The Jim Duncan Scholarships were established in 2001 by a graduate and supporter of the University, to provide financial support to students who are returning to education after an extended break, or who are resuming their studies at the University of Aberdeen after an interruption in studies.
The university comprises three colleges — King’s College, Marischal College, and Christ’s College — that are now mainly ceremonial. The university as it is currently constituted was formed in 1860 by a merger between King’s College and Marischal College, a second university founded in 1593 as a Protestant alternative to the former. The university’s iconic buildings act as symbols of wider Aberdeen, particularly Marischal College in the city centre and the crown steeple of King’s College in Old Aberdeen. There are two campuses; the predominantly utilised King’s College campus dominates the section of the city known as Old Aberdeen, which is approximately two miles north of the city centre. Although the original site of the university’s foundation, most academic buildings apart from the King’s College Chapel and Quadrangle were constructed in the 20th century during a period of significant expansion. The university’s Foresterhill campus is next to Aberdeen Royal Infirmary and houses the School of Medicine and Dentistry as well as the School of Medical Sciences. Together these buildings form one of Europe’s largest health campuses. The annual income of the institution for 2020–21 was £235.9 million of which £45.9 million was from research grants and contracts, with an expenditure of £228.6 million.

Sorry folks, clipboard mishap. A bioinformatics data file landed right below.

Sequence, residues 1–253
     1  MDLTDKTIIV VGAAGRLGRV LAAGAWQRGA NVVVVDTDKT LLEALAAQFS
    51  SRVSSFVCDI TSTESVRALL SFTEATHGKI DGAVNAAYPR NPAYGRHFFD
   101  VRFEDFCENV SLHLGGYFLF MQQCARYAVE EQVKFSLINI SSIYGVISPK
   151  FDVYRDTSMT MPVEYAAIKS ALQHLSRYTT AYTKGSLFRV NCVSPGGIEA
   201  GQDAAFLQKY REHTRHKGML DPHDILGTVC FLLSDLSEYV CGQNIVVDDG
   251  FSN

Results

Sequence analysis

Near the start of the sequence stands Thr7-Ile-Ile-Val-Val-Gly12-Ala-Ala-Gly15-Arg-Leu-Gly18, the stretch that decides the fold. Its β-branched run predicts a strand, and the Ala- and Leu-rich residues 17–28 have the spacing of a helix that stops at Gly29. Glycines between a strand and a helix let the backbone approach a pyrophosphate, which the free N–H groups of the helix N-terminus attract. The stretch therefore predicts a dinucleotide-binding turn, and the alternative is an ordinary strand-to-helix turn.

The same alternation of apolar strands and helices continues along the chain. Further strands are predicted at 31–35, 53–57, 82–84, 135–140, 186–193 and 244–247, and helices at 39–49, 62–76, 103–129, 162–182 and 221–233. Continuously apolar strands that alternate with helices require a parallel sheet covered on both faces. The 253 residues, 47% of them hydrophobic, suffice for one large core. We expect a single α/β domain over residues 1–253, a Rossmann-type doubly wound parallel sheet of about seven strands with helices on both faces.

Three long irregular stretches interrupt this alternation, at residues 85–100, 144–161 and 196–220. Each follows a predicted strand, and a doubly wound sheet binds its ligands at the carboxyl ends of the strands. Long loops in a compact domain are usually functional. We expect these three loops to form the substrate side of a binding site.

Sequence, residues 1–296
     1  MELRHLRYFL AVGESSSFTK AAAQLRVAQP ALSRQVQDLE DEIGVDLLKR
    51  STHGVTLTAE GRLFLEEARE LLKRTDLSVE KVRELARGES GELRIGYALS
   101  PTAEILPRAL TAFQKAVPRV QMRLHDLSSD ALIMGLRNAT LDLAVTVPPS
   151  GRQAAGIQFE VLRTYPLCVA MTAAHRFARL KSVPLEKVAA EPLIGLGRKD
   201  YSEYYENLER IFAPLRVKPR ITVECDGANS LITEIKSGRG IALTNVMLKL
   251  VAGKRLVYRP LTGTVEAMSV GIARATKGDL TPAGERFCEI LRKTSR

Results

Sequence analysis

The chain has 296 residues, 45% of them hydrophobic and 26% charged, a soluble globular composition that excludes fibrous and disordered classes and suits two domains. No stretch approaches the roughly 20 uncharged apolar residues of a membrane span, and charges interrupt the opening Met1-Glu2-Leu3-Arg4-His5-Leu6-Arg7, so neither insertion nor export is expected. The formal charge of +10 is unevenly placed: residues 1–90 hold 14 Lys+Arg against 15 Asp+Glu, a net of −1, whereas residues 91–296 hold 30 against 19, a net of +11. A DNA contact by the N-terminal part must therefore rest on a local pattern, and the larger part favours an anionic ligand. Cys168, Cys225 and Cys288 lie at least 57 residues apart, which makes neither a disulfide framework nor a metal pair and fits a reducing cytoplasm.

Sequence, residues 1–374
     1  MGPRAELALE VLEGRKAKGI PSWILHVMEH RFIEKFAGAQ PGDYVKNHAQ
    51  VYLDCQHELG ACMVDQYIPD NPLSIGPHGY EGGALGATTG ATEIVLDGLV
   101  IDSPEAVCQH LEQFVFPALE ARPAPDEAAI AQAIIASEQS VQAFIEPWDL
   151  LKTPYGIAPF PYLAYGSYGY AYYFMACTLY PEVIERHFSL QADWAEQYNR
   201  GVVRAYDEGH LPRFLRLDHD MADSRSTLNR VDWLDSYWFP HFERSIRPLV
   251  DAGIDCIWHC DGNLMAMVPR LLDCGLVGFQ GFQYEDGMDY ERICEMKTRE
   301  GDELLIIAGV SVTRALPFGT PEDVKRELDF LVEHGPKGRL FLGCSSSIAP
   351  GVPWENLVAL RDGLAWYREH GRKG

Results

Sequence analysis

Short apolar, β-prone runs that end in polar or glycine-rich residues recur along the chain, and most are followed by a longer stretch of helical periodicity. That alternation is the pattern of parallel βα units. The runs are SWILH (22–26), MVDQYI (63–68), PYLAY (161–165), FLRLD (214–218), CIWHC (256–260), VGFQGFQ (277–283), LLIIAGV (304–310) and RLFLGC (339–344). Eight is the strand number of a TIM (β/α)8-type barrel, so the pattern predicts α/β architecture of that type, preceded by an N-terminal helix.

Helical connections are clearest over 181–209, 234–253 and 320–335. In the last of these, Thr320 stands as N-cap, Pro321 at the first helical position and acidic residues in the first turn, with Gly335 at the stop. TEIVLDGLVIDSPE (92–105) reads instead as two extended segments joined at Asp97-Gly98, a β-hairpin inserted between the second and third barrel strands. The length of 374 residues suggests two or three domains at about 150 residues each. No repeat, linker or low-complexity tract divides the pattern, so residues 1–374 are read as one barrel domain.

Aberdeen has 15,185 students from undergraduate to doctoral level (as of 2019/20), including many international students. An abundant range of disciplines are taught at the university, with 650 undergraduate degree programmes offered in the 2012–13 academic year. Aberdeen has educated a wide range of notable alumni, and the university played key roles in the Scottish Reformation, Scottish Enlightenment, and the Scottish Renaissance. Five Nobel laureates have since been associated with the university: two in Chemistry, one in Physiology or Medicine, one in Physics, and one in peace.
Eligibility criteria for the Jim Duncan Scholarships
The Jim Duncan Scholarships are open to:
All applicants, regardless of fee status, applying to the University of Aberdeen for a full-time, undergraduate degree starting in September 2022 after having had a break in education of more than one year. Applicants must be in receipt of a conditional or unconditional offer of entry for September 2022.Any full-time undergraduate students who is resuming their studies in September 2022 at the University of Aberdeen after an interruption of one or more years.
Eligible Countries: International
Value of Awards: £2,500 per annum
Number of Awards: Not Mentioned
Duration of Award: 2 year period
Method of Application: Those wishing to be considered for the Jim Duncan Scholarship in 2022/23 should submit an application to the University of Aberdeen using the application form below.
Application Deadline: 8th July 2022.